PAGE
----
As a leader, it’s important to set the tone for the company, and hire smart to maintain company culture as you grow. It’s important to me to show up with a positive attitude every day, and I see that reflected in the team members around me.
Where do you find inspiration when faced with challenges?
JR: I’ve always been an active person, so when I’m feeling stuck you’ll usually find me outdoors — biking, camping with my family, running around with my kids.
What does “success” look like for you? What do you think will help you achieve it?
JR: thredUP’s mission is to inspire a new generation to think secondhand first. My dream is a Clean Out bag in every closet, and thredUP as a household name across America — the first place people look when they want an amazing outfit for a great price. It’s crazy to look back ten years and see how far we’ve come, and I think as long as we keep an eye toward why we started this business in the first place, we will get there.
What is your proudest and darkest moment so far? Share a key high and a key low from your journey if you can.
JR: One of my greatest highs was actually at one of my lowest points. I was rejected 27 times by investors before receiving my first yes. In those moments, I learned the hard way that you can’t convince investors to change their minds. I had to find an investor who believed in my vision and felt passionate about thredUP’s mission. All you need is one yes, but with a pregnant wife at home and my savings poured into this company, it was hard to keep that in mind. Eventually though, I met Patricia Nakache at Trinity. She immediately saw the potential of this idea when no one else had. She opened the door for thredUP to ultimately raise $300M and become the company we are today.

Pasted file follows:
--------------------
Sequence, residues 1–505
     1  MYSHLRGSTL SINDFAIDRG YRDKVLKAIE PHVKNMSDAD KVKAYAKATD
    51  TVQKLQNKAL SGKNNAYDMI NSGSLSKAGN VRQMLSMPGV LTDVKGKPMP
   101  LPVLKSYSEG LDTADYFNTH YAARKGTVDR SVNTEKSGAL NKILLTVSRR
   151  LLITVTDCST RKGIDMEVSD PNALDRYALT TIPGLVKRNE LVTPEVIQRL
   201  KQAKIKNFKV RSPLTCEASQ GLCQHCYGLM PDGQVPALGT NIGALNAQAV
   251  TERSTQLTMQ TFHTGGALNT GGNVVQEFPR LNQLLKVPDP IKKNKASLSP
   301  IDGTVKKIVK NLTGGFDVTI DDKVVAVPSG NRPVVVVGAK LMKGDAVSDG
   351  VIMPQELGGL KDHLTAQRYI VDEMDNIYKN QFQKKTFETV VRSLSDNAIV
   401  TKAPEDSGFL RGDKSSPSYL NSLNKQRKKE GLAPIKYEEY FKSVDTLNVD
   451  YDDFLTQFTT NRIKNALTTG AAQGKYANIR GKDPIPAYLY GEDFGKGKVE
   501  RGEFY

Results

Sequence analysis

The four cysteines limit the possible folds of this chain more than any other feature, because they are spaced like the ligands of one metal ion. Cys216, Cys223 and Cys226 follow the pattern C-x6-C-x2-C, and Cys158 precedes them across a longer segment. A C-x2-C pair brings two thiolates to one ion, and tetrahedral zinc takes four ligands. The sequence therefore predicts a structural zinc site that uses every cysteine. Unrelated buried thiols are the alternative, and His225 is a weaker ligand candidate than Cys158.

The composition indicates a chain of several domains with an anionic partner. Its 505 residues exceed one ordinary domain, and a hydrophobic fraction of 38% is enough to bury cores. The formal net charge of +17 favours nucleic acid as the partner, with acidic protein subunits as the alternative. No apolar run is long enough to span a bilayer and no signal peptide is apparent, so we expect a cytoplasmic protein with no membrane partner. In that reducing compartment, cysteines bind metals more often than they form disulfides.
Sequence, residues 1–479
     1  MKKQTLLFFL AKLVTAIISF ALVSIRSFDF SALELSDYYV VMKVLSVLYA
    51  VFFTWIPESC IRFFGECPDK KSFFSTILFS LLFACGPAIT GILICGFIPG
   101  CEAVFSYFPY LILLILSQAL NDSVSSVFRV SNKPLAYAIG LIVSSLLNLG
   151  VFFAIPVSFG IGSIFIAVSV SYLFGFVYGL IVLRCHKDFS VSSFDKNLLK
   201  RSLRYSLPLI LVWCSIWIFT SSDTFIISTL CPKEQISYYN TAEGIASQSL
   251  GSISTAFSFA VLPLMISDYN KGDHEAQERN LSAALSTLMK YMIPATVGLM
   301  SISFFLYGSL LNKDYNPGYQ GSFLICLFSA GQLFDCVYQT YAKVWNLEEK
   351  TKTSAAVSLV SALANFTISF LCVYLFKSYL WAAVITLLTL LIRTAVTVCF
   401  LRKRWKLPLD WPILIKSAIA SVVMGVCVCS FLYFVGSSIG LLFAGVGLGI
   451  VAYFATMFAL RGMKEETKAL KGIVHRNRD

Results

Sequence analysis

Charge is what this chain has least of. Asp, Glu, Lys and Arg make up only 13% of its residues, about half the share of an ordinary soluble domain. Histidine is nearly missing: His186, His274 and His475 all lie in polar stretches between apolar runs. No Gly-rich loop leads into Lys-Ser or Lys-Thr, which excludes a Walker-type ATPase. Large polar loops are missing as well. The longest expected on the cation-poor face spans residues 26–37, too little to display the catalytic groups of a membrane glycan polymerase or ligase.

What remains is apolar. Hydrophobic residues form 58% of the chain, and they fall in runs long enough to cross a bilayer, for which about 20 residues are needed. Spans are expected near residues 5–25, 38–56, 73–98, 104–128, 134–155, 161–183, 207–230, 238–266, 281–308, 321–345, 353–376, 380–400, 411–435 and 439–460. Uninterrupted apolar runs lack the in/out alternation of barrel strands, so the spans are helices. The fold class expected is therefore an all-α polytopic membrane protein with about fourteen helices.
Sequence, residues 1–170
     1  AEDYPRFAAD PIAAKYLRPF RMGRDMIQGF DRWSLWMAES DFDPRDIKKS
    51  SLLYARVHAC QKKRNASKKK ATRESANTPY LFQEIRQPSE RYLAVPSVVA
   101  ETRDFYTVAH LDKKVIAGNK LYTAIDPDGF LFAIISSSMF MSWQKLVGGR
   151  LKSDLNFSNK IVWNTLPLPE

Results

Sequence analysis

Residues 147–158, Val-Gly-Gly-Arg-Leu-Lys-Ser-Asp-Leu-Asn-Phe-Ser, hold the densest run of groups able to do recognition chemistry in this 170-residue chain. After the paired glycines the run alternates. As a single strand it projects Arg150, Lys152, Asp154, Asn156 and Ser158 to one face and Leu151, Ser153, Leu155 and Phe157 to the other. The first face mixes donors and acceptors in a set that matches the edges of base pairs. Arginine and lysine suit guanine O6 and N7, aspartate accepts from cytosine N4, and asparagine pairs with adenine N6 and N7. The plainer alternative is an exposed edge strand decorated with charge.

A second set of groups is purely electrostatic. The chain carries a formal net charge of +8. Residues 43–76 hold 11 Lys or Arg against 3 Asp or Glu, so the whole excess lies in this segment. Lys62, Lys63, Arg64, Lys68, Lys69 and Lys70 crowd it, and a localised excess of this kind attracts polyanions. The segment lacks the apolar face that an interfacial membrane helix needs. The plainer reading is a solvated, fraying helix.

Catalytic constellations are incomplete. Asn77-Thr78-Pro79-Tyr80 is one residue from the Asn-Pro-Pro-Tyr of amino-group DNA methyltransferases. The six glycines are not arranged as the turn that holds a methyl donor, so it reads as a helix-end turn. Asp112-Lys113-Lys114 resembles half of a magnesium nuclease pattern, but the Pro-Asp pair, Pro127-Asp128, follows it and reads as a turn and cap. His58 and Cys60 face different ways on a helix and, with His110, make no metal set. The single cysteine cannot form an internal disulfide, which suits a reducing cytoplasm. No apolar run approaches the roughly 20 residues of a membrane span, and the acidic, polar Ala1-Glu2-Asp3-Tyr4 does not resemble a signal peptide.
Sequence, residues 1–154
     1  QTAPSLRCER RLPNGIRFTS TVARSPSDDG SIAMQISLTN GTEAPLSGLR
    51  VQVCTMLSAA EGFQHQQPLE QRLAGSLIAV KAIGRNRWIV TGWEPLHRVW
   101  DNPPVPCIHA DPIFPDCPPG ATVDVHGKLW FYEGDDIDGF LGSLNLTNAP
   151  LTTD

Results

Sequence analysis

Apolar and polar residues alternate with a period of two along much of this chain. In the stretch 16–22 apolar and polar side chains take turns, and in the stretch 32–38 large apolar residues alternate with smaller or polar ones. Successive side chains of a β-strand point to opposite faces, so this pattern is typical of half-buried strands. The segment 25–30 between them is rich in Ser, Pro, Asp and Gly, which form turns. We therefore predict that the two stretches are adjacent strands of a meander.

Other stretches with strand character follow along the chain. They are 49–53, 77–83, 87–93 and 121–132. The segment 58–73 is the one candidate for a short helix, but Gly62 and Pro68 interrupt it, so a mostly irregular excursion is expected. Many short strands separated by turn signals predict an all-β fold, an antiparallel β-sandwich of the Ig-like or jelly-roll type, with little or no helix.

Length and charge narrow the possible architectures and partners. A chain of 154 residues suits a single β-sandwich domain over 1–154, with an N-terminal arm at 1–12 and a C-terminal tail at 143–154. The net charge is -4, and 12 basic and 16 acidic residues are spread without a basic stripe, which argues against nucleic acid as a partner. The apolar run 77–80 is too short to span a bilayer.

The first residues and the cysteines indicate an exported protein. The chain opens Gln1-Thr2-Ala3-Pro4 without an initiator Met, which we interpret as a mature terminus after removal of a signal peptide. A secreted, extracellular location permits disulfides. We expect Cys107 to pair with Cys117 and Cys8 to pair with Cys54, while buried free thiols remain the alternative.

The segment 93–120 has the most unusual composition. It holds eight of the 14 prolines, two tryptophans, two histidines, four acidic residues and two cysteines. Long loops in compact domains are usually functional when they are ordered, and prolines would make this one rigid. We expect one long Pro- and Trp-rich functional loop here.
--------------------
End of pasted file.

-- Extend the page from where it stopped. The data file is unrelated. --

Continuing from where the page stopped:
What lesson did 2019 have for you? What do you look forward to in 2020?
Things have a way of coming together — but only if you keep on the grind. We had an opportunity that fell through last year, but ultimately paved the way for a bigger and better opportunity that we landed. If we hadn’t experienced that failure, learned from it, and kept moving, we wouldn’t have gotten to experience the even greater success waiting for us on the other side. In 2020, I’m excited to further our mission of inspiring a new generation to think secondhand first through the expansion of our core marketplace, as well as more retail partners joining our RAAS platform.
Many entrepreneurs continue to perfect their daily routines to support their work and greater vision; would you mind sharing your morning routine or a regular ritual that grounds your work each day?
JR: I wake up at 6am every day to read my email and catch up on the latest news. From there, my wife and I work together to feed the kids breakfast, make lunches and help get them off to school. I like to stay active, so often I mix in a quick workout and then commute to work — which only takes me 15 minutes since we opened our new HQ in Oakland!
I always try to connect face-to-face with people at the office (since I’m traveling a lot) and my days are pretty jammed. We have an open plan workspace, so no one – including our execs – is sitting behind a closed door. This makes it easier for me to connect with team members who will often come by my desk to ask a quick question or give a progress update. At night I try to prioritize getting home to eat dinner with my family and catch up with my wife – and we do our best to spend time with friends as much as possible.
At thredUP, we instituted something called “Maker Days”, where everyone works from home on Tuesdays and Thursdays to create space free of meetings and distractions and allow for big-picture thinking. On Maker Days I usually get clarity on anything I’ve been struggling with from a business perspective, and come back the next day with solutions.
What kind of an entrepreneur do you want to be known as, as in, what do you want your legacy to be?
JR: I created thredUP to solve a real problem for real people. I want to be known as an entrepreneur who created a business that does good: for people and the planet. At thredUP, we’re changing the way people shop and the way they consume, keeping money in consumers’ pockets and keeping garments out of landfills. Ten years from now, our closets will be filled with secondhand and our view of ownership will be much more fluid — and I’m proud that thredUP is leading that shift.